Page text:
CULTURE: Transplants easier than most oaks; tolerates urban conditions; tolerates dry sites; tolerates pruning PESTS: Few problems USE: Naturalizing large areas, attracts wildlife; can be used for hedges MISC.: Wood used for roofing and wall shingles! Gets its name from the Latin, “imbrex” meaning “tile”. Native
Quercus macrocarpa “bur oak” SIZE: Large HABIT: Pyramidal/oval when young; broad-spreading crown when mature
FOL: Lustrous dark green in summer; green-yellow-brown in fall (not showy)
BARK: Mature bark develops deep ridges. Usually dark gray and almost dirty looking.
FL. & FR.: Acorn = 1 - 1 1/2” with deep, frilled cup
CULTURE: Soil adaptable but transplant is difficult; prefers alkaline soils; tolerates city conditions PESTS: Few problems USE: Large areas, naturalizing, attract wildlife MISC.: The name is derived from the Greek, “macro” meaning “large” and “karpos” meaning “fruit”. Rather rare in commerce. Native
Quercus palustris “pin oak” SIZE: Medium to large HABIT: Pyramidal through maturity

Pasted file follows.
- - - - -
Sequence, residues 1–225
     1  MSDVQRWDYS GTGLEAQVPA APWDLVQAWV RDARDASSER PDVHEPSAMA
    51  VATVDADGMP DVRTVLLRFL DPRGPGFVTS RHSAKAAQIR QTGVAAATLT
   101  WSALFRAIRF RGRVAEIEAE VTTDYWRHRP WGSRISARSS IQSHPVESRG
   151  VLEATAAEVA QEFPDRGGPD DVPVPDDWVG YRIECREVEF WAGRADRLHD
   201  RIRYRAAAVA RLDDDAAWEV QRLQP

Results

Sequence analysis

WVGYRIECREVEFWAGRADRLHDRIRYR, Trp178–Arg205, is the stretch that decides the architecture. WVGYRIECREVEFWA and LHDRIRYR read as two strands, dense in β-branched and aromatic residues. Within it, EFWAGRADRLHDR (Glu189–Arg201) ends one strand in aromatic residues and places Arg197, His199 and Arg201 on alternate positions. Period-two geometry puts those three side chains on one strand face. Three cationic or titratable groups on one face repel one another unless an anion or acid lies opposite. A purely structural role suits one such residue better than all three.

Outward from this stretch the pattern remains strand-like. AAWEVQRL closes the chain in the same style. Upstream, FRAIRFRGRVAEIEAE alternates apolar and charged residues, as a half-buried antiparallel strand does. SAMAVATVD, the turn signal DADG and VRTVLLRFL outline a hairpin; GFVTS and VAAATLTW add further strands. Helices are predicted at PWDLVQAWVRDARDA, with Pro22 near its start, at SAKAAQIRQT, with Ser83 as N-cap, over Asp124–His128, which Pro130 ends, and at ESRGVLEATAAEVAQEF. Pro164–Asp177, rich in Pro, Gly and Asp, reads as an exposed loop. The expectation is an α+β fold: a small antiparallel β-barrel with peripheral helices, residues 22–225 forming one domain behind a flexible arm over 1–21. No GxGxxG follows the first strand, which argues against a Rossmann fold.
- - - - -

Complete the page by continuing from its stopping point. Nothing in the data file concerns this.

FOL: Lustrous dark green in summer; russet in fall (variable); leaves may persist into winter
BARK: Grayish brown, develops shallow ridges with age. Distinctive pins on the branches.
CULTURE: MWDS; easily transplanted; tolerates wet soils; tolerates air pollution and city conditions; does NOT tolerate high pH (chlorosis!) PESTS: Leaf galls, iron chlorosis
USE: Shade tree, lawns, parks; attracts wildlife; naturalizing MISC.: Lower branches will die out and require pruning; very widely used; fast grower. “palustris” is from the Latin meaning “swamps or marshes”. Native
Quercus robur ‘Fastigiata’ “fastigiate English oak” SIZE: Medium to large HABIT: Columnar with wavy, ascending branches wavy, ascending branches
FOL: Dull dark green in summer; NO fall color - leaves fall off green
BARK: Mature bark is deeply furrowed and grayish black.
FL. & FR.: Acorn = 1” elongate, stalked, rare on the cultivar
CULTURE: MWDS; pH tolerant PESTS: Powdery mildew USE: Large areas; attract wildlife MISC.: The species is widely used in Europe but is rare in the U.S. Other cultivars available
Quercus rubra “red oak” SIZE: Medium to large HABIT: Upright elliptic when young; rounded when mature
FOL: Pinkish-red when unfolding; lustrous dark green in summer; russet to bright red in fall
BARK: Mature bark has distinct flat gray areas as well as ridges and furrows.